Your resume is done. But instead of feeling a sense of ease, you still feel like you’re carrying the weight of the world. Or, more accurately, maybe you’re carrying around the weight of waiting. You know, that twisty time between submitting your resume and hearing signs of life from the hiring committee.
For me, it looks like this:
After I’ve written my resume, sent my emails, and added another thing to my to-do list, I tackle the daily duties of life.
I start cooking dinner, thinking about my day, wondering if I’ve done enough.
I’m waiting to hear back, I’m waiting for the onions to brown, I’m waiting for the next change, the next orders, the final orders before I make my move.
For military spouses, this kind of waiting seems to be inevitable.
We’re waiting for the next PCS, for a TDY, for a deployment (or through a deployment). We wait for emails, for a good job, for a new career path that could work in this crazy life.
If you have 10 minutes…
Focus on the present.
“Mindfulness” might sound like a passing trend, but hear me out. We all get carried away by doubts about the future—about who we should be and where we’re falling short. But this time isn’t actually doing anything for us. It’s just making us feel miserable.
If you’ve done all you can to help your situation, focus on the present. Remind yourself of the work you’ve done, and breathe. The rest is out of your hands. You are only responsible for the things you can control.
If you have 30 minutes…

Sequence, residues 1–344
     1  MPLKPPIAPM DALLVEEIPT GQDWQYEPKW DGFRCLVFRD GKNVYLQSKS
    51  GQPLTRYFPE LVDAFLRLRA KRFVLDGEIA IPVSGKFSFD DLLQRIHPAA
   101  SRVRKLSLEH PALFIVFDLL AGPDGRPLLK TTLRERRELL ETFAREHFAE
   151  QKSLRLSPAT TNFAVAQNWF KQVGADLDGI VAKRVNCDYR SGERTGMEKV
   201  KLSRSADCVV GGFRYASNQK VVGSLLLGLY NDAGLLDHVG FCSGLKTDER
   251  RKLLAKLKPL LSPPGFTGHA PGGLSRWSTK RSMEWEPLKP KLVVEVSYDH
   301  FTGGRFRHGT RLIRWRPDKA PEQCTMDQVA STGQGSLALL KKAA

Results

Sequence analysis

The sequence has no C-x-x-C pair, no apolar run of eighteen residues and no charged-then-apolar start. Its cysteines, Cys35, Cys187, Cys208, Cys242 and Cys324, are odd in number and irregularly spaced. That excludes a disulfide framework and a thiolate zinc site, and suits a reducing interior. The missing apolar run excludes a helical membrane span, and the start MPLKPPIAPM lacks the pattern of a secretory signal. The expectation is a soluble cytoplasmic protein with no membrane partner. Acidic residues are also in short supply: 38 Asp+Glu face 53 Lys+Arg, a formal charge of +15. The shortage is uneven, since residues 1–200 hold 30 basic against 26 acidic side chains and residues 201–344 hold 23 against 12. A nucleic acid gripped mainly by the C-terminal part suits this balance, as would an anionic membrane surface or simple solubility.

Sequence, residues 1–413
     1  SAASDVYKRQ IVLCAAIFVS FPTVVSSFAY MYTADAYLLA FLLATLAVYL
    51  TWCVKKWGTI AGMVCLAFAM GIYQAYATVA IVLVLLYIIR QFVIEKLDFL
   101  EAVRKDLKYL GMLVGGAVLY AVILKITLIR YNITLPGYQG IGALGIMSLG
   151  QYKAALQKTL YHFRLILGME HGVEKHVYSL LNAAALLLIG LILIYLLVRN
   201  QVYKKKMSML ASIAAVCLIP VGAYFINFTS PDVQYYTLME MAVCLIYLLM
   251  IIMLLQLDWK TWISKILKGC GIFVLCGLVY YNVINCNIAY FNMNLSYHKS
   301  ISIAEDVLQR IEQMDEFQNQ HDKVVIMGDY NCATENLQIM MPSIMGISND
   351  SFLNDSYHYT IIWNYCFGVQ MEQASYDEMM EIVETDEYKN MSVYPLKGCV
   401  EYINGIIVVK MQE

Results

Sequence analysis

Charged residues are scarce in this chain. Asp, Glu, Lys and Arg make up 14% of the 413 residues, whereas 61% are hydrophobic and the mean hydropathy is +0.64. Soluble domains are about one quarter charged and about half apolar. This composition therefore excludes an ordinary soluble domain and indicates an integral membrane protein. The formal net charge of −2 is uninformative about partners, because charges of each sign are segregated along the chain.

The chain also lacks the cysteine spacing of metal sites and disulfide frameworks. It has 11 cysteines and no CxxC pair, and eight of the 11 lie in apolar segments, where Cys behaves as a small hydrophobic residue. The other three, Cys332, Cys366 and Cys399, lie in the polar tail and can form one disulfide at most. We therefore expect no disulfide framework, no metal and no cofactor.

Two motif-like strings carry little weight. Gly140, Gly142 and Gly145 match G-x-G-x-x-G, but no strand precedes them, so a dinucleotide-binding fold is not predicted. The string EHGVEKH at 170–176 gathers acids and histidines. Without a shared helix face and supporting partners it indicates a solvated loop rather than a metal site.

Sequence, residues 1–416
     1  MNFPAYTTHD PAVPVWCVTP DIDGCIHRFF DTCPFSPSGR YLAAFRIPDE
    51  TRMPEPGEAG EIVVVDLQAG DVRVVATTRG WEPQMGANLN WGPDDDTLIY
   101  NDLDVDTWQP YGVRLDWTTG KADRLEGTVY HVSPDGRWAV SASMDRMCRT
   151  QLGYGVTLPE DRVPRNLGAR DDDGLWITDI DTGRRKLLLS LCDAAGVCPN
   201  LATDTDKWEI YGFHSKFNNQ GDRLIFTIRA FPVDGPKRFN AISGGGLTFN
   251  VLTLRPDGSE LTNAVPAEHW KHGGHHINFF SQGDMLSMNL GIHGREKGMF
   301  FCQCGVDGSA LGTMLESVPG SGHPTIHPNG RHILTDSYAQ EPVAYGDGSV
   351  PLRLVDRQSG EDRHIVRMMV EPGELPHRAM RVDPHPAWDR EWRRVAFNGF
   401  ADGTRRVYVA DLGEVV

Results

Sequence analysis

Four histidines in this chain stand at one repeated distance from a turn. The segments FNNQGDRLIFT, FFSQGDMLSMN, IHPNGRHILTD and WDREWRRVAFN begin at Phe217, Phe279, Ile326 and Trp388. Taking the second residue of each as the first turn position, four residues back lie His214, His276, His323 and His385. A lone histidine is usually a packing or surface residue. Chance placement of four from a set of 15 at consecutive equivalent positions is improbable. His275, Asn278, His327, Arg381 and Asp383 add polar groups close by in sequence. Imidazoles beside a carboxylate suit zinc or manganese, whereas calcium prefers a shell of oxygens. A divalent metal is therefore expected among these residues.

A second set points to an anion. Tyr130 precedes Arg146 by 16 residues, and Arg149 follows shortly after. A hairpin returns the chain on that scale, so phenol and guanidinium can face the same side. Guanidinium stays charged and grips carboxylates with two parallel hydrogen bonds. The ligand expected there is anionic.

Tackle your agenda, and make it stick.
Waiting can feel like a full-time job. So, treat it like it is and organize your work schedule. Make a list of 3-5 short term goals, 1-2 long term goals, and then map out the rest of your week to see what you can do to work toward them.
After you’ve set up your goals and your action items for the week, schedule time for your friends, family, and any other responsibilities.
Then, take a breath, stick to your schedule, and stop worrying that you’re failing. You made time for your priorities to the best of your ability. That’s all you can do.
If you have 1 hour…
Consider your situation.
Go to a quiet place, spend some time with yourself, and check in. Don’t bring your phone.
I find it useful to think about categories—my health, relationships, goals for my future. I ask myself what my priorities are, where I’m spending my time. And then I’m honest. I take in my strengths, my weaknesses, and reflect so I can see where I may need some course correction.
If there’s something you need to let go of, take steps to let it go. If there’s an area of your life that’s neglected, make plans to bring it back into focus.
Maybe you don’t feel like you’ve earned it, but you know when you need it. If you’ve gotten organized and have done all you can, then it’s time to take a rest.
When we’re waiting, sometimes it feels like we have to stay “on,” otherwise we won’t get anywhere. However, it’s important to remember that when you do reach your goal, a brand-new adventure will begin. You’ll need to be rested and ready for it.
Take the time and be willing to wait for it.
Story by Emilie Duck